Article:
Too much of a good thing quickly turns into a bad thing.
Remember that oh-so-good piece of pumpkin pie? And then another, and another and another? That ended up very bad, didn’t it.
This valuable lesson applies to more than just pumpkin pie. Take our government. Please. (Apologies to Henny Youngman.)
I was thinking about too much pumpkin pie this Thanksgiving but mostly I wondered about how government sometimes tries so hard to be good that it ends up being bad. Let me explain. A friend of mine — Pat Jollota — had been appointed to yet another Vancouver City Council task force for yet another opportunity for city councilors to get yet another dose of feedback.
What she was appointed to study isn’t important in the context of this column. What’s worthy of a discussion is government’s increasingly incessant reliance on feedback.
Hey, it ain’t easy being against feedback. But before you begin throwing stones because I’m questioning something as American as pumpkin pie (apple pie says it’s willing to share) hear me out.
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I wanted to talk to Jollota about all of this feedback government is getting because she has a unique perspective. She’s been around Vancouver for a long time, has been named our community’s First Citizen, is a local historian, a published author, appears regularly on Vancouver’s live talk show “Hello Vancouver,” was a city councilor for 20 years and has been on more of these feedback-giving task forces than she can remember.
So she has been on both sides of this feedback thing: a councilor who was elected to make decisions and a task force member appointed to give councilors feedback to help them make decisions.
First I laid out my premise:
It’s difficult to make an argument against feedback. After all, elected officials should know what those they represent are thinking about. But feedback has been increasing more and more each year and on virtually every topic.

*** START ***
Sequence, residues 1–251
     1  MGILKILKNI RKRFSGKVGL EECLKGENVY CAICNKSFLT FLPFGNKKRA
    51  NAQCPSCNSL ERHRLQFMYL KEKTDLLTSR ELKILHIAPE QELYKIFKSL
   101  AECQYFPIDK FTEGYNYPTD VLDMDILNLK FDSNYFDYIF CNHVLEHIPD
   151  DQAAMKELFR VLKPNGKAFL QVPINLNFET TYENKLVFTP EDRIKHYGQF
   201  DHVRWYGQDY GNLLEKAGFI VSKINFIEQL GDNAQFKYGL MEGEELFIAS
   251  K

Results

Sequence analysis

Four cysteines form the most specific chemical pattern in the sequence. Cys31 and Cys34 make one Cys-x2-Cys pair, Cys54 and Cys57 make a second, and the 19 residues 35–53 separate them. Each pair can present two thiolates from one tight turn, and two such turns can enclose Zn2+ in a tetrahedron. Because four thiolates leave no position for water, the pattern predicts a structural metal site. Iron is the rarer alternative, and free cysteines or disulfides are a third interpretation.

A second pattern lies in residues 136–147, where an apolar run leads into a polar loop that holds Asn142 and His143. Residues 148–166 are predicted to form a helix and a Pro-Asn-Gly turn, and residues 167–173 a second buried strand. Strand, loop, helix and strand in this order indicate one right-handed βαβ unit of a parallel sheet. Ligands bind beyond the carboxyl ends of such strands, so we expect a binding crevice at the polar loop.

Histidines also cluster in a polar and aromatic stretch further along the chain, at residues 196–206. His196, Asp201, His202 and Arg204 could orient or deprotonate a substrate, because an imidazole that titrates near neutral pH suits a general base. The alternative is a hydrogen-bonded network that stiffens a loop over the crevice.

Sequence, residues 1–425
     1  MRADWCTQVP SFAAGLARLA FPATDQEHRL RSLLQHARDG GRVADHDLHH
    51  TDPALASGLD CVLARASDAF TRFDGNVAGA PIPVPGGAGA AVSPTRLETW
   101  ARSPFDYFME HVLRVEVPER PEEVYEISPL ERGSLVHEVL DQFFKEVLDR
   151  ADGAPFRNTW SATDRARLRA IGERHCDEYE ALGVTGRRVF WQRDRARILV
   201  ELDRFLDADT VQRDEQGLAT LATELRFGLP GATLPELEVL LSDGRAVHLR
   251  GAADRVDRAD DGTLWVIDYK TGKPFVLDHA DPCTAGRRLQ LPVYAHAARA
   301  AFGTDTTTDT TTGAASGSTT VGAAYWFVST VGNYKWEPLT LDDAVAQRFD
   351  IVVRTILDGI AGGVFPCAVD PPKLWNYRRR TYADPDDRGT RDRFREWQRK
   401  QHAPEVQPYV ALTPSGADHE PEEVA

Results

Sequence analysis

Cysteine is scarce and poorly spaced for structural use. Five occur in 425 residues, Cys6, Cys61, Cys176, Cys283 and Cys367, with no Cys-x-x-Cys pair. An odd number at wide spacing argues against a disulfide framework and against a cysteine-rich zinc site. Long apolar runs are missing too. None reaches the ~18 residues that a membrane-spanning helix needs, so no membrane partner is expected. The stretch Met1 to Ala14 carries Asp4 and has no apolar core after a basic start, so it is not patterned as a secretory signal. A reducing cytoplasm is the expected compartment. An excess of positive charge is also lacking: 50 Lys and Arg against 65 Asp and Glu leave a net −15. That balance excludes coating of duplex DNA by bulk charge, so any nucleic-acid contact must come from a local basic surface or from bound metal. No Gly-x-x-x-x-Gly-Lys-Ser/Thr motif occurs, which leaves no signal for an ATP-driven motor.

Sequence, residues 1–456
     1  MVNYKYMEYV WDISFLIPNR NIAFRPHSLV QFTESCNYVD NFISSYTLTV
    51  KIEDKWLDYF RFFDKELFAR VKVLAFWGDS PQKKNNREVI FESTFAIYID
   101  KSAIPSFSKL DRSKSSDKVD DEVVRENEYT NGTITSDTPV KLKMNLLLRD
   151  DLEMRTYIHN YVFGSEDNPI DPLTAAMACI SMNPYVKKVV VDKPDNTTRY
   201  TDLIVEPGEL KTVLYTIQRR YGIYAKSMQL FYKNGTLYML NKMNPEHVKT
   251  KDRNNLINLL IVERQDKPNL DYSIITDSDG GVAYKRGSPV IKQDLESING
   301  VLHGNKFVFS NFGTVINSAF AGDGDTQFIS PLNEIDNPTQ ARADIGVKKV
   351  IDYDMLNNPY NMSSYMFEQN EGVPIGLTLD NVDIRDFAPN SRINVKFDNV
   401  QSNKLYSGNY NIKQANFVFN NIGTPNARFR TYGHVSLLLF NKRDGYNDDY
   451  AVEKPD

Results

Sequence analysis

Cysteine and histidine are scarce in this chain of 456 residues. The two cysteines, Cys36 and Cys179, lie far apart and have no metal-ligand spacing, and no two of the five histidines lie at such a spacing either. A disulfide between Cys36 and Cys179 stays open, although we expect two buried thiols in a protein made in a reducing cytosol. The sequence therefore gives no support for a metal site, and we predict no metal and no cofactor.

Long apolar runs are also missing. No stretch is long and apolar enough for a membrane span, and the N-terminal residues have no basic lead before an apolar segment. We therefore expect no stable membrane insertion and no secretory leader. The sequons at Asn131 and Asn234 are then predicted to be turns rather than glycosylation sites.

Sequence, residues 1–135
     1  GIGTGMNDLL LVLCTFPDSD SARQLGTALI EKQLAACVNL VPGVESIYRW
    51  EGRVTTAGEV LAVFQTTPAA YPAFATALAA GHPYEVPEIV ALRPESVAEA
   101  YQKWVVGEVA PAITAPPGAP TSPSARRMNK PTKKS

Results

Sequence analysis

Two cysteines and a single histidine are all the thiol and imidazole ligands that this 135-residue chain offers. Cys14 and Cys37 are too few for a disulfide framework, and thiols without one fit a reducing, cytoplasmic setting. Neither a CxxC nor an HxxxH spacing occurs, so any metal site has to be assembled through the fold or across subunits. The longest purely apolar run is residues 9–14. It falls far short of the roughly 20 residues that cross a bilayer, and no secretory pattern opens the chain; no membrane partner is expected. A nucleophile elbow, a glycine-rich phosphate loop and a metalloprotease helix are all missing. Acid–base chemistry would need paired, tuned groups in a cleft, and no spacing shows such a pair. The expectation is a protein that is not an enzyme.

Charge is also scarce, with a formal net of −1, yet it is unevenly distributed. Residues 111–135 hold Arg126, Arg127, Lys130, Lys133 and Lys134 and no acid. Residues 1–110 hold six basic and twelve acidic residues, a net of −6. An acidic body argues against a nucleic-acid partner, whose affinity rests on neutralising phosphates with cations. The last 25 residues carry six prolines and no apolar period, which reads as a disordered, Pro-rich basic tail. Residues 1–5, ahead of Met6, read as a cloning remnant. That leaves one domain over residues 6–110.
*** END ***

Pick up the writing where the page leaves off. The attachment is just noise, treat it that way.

Not only is this feedback beginning to paralyze government, keeping it from doing its business, it has become a way for politicians to avoid responsibility. “Hey, it wasn’t my idea to give me a 90 percent pay increase. It was that salary review commission I appointed. Blame them.”
Essentially, elected officials are slowly abdicating their leadership roles.
I asked Jollota if there was as much of this feedback stuff when she was a councilor. She was in office from 1990 to 2010.
“No, it was just starting. I think,” she responded.
Jollota then brought up the city’s inability to pull the trigger on naming a local park. (A controversy continues on whether to name a local park after local philanthropists Ed and Dollie Lynch.)
“OK, make a decision on the damn Lynch Park,” she said. “How many more committee meetings, panel meetings, do I have to go to?”
Jollota favors the Lynch name for the park. But whether you agree or disagree, my view is government needs to get to it.
“You’ve got to take on the responsibility that you promised you were going to take on when you ran for the office,” Jollota said.
I again suggested to Jollota that politicians — not just in Vancouver — have figured out that if they convene endless task forces, committees and listening sessions, they can point the finger at others when a difficult decision has to be made.
“You know, you’re making a great point,” she said. “You really are. I think that idea has been floating around in the deep dark recesses of my mind.
“I got an email from (former Vancouver Mayor Royce Pollard) saying ‘What’s it going to take to get this council to make a decision?’ ”
Look, I get it’s a good idea to speak with people. And you or I could look at any given singular task force and make a case that it’s a good idea. But collectively it’s beginning to feel like it’s — again — an abdication of elected officials’ sworn duty. We are a representative form of government. We elect people to represent us.
Hopefully you see I’m not against feedback but rather against so much feedback that it grinds us all down.
“I think you’re right,” Jollota told me. “It’s a feeling I’ve had but haven’t been able to express.”
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Agree? Disagree? Regardless there’s likely to be more pie for Christmas. But get in and get out of the pie tin. One slice is enough, I’m telling ya!